She is looking well on her 66 years (her birthday is later this month). Her face has retained the infrastructure of her younger beauty, her hair is blonde and thick, her accent a slow-release Jamaican drawl. As we sit talking her son Dima, one of two Russian boys she adopted more than 20 years ago, is nearby, eyes glued to his phone. He doesn’t raise his eyes even at the most outre moments of our conversation. He’s heard her story many times before, I guess.

It is, though, a remarkable one. Christened George William Ziadie, she was born in Jamaica in 1949, to a wealthy Lebanese Catholic family who were at the heart of white Jamaican society. After the war, she says, while Europe was in ruins, Jamaica was the premier winter colony. “Everybody came to Jamaica. Winston Churchill, Jack and Jackie Kennedy, Bill Paley, who was the head of CBS, the largest TV network in America at the time … Bill and Babe Paley had a house in Jamaica.”

And these people were mixing with your family? “Yes, obviously,” she says.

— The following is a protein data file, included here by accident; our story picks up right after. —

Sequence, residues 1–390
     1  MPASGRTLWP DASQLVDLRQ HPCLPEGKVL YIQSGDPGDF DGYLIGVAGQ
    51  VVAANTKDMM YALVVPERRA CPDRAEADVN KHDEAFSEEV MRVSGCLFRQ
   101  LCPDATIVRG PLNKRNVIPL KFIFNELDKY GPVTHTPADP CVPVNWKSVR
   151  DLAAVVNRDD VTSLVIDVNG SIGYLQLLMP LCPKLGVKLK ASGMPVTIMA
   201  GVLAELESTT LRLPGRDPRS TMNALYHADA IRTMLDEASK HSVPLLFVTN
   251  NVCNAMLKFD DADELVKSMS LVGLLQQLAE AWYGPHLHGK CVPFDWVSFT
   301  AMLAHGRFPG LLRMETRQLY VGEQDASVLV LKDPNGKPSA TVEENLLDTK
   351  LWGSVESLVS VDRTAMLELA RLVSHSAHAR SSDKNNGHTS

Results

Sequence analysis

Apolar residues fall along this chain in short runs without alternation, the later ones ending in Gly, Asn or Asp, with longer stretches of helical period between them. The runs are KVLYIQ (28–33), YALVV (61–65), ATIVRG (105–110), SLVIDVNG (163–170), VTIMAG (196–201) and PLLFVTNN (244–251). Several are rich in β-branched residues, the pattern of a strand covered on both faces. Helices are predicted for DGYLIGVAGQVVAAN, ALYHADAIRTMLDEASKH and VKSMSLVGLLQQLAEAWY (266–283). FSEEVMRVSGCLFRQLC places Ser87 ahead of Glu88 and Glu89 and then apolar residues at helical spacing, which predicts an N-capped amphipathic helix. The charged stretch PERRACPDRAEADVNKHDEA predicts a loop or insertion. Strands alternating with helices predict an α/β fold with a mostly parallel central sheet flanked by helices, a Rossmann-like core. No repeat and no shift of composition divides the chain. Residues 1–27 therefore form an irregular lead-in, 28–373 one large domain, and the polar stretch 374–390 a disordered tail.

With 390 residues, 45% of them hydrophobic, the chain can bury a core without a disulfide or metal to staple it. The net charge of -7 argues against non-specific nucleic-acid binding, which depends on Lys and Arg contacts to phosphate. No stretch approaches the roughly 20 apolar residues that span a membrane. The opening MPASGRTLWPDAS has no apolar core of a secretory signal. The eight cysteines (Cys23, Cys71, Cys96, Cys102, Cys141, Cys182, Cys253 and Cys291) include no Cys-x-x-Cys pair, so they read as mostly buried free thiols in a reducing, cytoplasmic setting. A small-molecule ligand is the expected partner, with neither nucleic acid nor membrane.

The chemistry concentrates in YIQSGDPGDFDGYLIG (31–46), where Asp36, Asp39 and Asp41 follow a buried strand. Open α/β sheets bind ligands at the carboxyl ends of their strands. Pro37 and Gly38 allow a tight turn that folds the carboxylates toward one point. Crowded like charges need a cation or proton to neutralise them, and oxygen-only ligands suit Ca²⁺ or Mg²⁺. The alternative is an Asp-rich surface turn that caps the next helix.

Her first memory is her second birthday party, one that was interrupted by the arrival of Hurricane Charlie. “A ship ended up on the street in Kingston. Not a boat. A ship.”

We could always run with the hurricane as a metaphor for her childhood and adolescence. “George” was born with fused labia and a deformed clitoris, and so the family decided to raise her as a boy.

If she’d been born five years later, she says, it might never have been a problem because of medical advances. “There’s a very famous movie star who will remain nameless because I don’t believe in outing anyone. She was born with a similar condition but she was brought up as a girl. The thinking changed in the medical profession.”

As a child her parent’s decision wasn’t a problem. Come puberty, however, the wrongness of her situation became increasingly obvious. She was bullied viciously as a result at the boy’s school she was sent to and by the age of 13 she began to “agitate” for her parents to address the problem. Instead, they sent her to a hospital under the auspices of a German couple who pumped her full of male hormones and were, she says, “truly monstrous”.

The woman, particularly, it seems. “I actually think she was a sadist. I thought she was enjoying the torment. I remember once when she was trying to inject me … And you can see,” she says, showing me the back of her hands, “I’ve always had great veins because I’ve always been very thin. When I went into hospital I weighed 84lbs, so I was pure veins and bones. I don’t remember how many times she poked to get the veins. And you could tell she wasn’t doing it because she missed the vein. She was making a point. She was horrible. Horrible.”